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 Monday, April 03, 2006

Malaysia: Pro-MALAY Policies to Continue in USD $54 Billion 5-Year Development Plan (2006-2010)

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The Malaysian government on Friday laid out a 200 billion-ringgit ($54 billion) five-year development plan (9th Malaysia Plan -2006-2010) aimed at making Malaysia a developed nation by 2020. It aims for an average annual growth of 6.5 percent in the 2011-2020 period.

But its path to become a developed nation in 15 years is being challenged by the rise of China and India.

The 559-page report of the Ninth Malaysia Plan says:

"Malaysia is now an open trading economy participating in an extremely competitive and fast-moving global marketplace.

The opening up of China and India has changed the economic landscape dramatically for developed and developing countries alike."
The government's five-year plan began life in the aftermath of the 1969 racial clashes between the politically dominant-but-poorer ethnic Malays and the minority, though economically powerful, Chinese.

But its continued emphasis on maintaining its pro-Malay policy will NOT go down well with minority groups and investors.

The report says:
"Privatization will continue to be used as a vehicle to meet the objective of increasing bumiputera equity ownership in the corporate sector. The focus of distribution programs will be expanded beyond mere equity ownership of share capital to include other aspects of wealth owners. "

(Note: Bumiputera or "sons of soil" refers to the country's Malays.)

The government maintains the requirement:

  • for companies that bids for government tenders to have 30 percent Malay interest
  • at least 60 percent of contract works will go to the Malays.

  • to raise bumiputera asset ownership in residential and commercial property and in intellectual property and commercial enterprises.

  • continue with its policy of mandating non-Malay and foreign-controlled companies to seek Malay partners and employ Malay executives.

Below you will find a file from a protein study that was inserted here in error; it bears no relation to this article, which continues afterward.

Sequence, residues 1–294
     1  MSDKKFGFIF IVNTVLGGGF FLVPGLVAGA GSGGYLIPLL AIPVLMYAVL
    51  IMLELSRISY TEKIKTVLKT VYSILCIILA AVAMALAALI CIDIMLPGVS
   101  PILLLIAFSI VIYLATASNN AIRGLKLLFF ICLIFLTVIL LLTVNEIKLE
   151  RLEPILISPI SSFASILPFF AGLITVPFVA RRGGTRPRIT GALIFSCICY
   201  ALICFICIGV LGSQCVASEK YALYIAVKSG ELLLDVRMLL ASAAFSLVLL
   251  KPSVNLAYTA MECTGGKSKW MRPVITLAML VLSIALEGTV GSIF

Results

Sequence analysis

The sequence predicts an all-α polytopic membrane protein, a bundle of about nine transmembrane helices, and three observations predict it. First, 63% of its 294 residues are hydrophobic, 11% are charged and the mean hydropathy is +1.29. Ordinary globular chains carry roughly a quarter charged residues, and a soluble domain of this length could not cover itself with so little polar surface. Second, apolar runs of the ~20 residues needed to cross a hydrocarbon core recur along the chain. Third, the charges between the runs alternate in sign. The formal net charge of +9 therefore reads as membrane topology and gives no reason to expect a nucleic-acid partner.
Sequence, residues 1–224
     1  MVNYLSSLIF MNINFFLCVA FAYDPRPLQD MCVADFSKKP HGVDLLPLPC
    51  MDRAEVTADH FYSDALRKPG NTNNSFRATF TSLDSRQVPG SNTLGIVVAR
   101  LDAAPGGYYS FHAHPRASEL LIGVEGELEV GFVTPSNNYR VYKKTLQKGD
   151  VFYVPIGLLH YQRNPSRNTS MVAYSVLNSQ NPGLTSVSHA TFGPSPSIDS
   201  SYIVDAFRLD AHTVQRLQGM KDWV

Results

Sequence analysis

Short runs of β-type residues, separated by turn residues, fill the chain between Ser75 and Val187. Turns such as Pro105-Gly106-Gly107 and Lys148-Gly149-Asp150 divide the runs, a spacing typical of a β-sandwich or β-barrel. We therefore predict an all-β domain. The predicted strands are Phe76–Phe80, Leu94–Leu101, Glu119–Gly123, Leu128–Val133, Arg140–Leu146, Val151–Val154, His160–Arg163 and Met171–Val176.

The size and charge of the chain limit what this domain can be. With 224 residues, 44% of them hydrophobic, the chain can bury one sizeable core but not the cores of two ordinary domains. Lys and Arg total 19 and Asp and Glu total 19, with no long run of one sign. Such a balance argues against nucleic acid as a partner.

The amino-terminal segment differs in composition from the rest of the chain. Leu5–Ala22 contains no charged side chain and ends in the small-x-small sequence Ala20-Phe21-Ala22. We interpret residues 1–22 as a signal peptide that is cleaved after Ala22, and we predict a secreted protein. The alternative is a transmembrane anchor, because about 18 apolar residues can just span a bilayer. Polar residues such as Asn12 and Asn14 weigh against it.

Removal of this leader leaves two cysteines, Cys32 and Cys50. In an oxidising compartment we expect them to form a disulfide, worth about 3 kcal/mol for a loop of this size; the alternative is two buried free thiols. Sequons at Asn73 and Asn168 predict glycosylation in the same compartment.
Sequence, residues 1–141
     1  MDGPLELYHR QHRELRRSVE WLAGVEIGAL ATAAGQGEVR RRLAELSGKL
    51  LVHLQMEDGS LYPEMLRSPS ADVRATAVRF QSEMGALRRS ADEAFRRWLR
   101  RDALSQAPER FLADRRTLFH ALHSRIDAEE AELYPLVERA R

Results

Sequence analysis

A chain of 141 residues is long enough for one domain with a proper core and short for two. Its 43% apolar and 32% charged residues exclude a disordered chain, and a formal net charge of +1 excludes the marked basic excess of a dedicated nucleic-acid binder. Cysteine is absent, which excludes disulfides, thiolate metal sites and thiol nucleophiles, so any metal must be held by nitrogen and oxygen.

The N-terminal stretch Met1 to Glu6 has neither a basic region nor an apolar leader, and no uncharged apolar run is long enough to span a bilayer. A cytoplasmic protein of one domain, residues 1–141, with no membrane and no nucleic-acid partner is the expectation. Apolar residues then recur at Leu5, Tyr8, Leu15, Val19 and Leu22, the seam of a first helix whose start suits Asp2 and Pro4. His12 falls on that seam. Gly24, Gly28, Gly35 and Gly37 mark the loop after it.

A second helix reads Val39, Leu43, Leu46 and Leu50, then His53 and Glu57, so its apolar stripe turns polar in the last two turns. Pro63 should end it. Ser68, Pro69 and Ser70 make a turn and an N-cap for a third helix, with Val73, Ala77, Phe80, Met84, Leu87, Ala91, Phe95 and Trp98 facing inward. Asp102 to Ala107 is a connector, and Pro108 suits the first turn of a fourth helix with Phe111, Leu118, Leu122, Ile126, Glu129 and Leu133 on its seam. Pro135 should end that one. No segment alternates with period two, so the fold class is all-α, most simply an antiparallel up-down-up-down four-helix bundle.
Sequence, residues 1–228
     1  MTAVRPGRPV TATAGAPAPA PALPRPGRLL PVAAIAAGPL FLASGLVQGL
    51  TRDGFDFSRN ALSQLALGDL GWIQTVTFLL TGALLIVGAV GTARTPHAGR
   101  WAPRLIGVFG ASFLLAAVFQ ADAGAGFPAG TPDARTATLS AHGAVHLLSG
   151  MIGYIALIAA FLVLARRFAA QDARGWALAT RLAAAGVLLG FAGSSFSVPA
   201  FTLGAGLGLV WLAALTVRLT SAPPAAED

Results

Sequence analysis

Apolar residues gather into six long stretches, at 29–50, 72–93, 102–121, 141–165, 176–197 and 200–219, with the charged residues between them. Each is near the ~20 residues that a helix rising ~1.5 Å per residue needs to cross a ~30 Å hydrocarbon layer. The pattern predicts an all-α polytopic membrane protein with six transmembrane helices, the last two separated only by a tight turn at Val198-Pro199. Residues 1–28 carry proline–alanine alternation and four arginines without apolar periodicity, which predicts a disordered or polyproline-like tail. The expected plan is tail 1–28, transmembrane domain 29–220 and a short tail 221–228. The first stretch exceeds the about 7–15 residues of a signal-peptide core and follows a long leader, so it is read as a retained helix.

• Former Deputy Prime Minister Anwar Ibrahim, who was sacked in 1998 after a fallout with then Prime Minister Mahathir Mohamad, has condemned the policy as obsolete and corrupt, saying well-connected Malays benefit from it at the expense of other Malays, Chinese and Indians.

    Anwar said recently:
    "It breeds mediocrity.

    It will weaken the economic base of our fabric."
    But to do away with the policy would be politically suicidal for Abdullah as the Malays form the bedrock of support for the ruling party, the United Malays National Organization (UMNO).

    Of the country's population of 26 million:

  • Malays constitute 65 percent

  • Chinese make up 25 percent,

  • Indians 7.5 percent,

  • and the rest are indigenous groups.

    The affirmative action policy that was launched in 1971 envisaged a 30 percent Malay share of the economy in 20 years.

    But 35 years on, Malay equity ownership in the corporate sector is still lagging behind.

    According to the report, as in 2004, the ethnic Chinese held a 39 percent stake in the corporate sector, the Malays 18.9 percent and the Indians 1.2 percent.

    The government wants to raise the Malay share of corporate equity to between 20 and 25 percent by 2010 and 30 percent by 2020, and the Indian share to 3 percent, while narrowing the income gap so that by 2010, the average Chinese earns only 50 sens more for every ringgit the Malay earns by 2010 and just 35 sens by 2020.

    The poverty rate among Malays still ranks the highest at 8.3 percent in 2004, followed by the Indians at 2.9 percent and the Chinese at 0.6 percent

    For every ringgit that the average Malay earns, the average Chinese gets 64 sens more and the Indian 27 sens more, the report says. One hundred sens equal 1 ringgit.

    The 9th Malaysia Plan

  • The government hopes to achieve average annual growth of 6.0 percent from 2006 to 2010. The economy grew at an average rate of 4.5 percent in the last five years.

  • It also seeks to halve the overall poverty rate to 2.8 percent by 2010.

  • The plan identifies niche areas such as biotechnology and calls for promotion of value-added and technology-driven manufacturing and agriculture industries.

  • Focus is also given to the tourism industry that generated about 31 billion ringgit in revenue last year and is expected to grow at an average annual rate of 13.9 percent to 59.4 billion ringgit in 2010.

  • The manufacturing sector is targeted to expand at a rate of 6.7 percent a year led by the electrical and electronics sector.

  • The target for services sector is set at 6.5 percent per annum.

  • The 3.4 percent targeted growth at the mining sector will come mainly from the oil and gas sector.

  • The construction sector, which has slumped since Abdullah came to power in October 2003 and deferred some mega projects to cut spending, is set to grow at 3.5 percent per annum in the next five years. The sector has expanded at an average rate of only 0.5 percent in the last five years.

  • Delayed projects to be relaunched over the next five years, such as the 14.5 billion ringgit double-tracking railway project and the 1.02 billion ringgit road system in northern Penang state.

  • The government is also initiating 20 billion ringgit worth of privatization projects.

  • Agriculture will expand by 5.0 percent a year as the government wants to promote large-scale commercial farming and to make Malaysia as a regional hub for halal food.

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